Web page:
• cregan says:

      Rabini predicted last year that we’d be in an even deeper recession before the end of the year, too.

      That’s my point. So what? People predict things all the time for individual stocks, markets and the economy. Sometimes they happen, most times they don’t.

      Sure, some people did feel the mortgage market was going to go down. But, that had also been predicted by some for at least 3 or 4 years before. And, it kept never happening.

      So, there was no absolute certainty.

      This is different than Madoff where you had someone selling something for which there was no uncertainty that nothing was there.

      Future events only appear certain AFTER the fact. GS thought they were right when they shorted the market, but they could have just as easily been wrong–as many shorts (who also think they have great analysis in their favor) find out after they lose money when something goes up instead of down.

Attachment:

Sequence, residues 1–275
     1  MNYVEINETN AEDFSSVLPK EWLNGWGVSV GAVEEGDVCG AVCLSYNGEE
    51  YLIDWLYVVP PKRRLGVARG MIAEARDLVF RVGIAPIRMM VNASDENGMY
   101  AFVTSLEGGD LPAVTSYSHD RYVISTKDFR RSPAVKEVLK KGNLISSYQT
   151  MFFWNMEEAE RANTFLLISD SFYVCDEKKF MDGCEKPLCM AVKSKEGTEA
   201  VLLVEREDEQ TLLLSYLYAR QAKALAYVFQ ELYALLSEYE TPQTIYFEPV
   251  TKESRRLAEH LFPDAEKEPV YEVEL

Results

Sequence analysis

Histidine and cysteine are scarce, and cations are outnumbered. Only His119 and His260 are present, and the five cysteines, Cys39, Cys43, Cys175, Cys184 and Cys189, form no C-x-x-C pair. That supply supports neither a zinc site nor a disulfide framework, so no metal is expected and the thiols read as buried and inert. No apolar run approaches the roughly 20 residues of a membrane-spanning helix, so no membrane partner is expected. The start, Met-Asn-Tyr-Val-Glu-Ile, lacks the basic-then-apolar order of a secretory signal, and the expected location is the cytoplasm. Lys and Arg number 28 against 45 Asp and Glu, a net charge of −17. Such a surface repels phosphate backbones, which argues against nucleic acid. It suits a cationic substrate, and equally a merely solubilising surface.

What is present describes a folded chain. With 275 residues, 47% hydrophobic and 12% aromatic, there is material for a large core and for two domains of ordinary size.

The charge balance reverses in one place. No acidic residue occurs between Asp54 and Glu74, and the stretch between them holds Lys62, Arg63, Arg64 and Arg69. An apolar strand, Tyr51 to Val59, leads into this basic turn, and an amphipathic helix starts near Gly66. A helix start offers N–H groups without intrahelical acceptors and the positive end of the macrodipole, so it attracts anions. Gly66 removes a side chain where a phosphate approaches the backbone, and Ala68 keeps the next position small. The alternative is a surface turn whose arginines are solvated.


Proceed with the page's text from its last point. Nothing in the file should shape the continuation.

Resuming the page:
As the credit card predictions were wrong.

      Sure, if like the gambler who pays off the jockey to throw the race, GS had it fixed for the market to crash, they’d be very wrong.

      In a sense, that is the flavor of the SEC complaint. And, in that case, GS would be very wrong.

      But, again, so one guy out of many thinks some deal is a shitty deal? You’re going to stop selling an investment because one guy thinks it bad? I would venture to say that on nearly EVERY investment deal at least one guy in GS thinks it’s bad.

  20. orionATL says:


    again you are dressing up silly arguments in finery.

    certainty was never at issue for g-s.

    neither they nor anyone else foresees the future perfectly.

    saying so, as you do, is a silly truism.

    what g-s did was make a guess, and not any ordinary guess (“people make assumptions…”) but a very professional, analytical guess the likes of which few others in the country could make.

    and they made that bet, used legalized hedging, and made a lot of money.

    the concern is not that g-s fixed the market.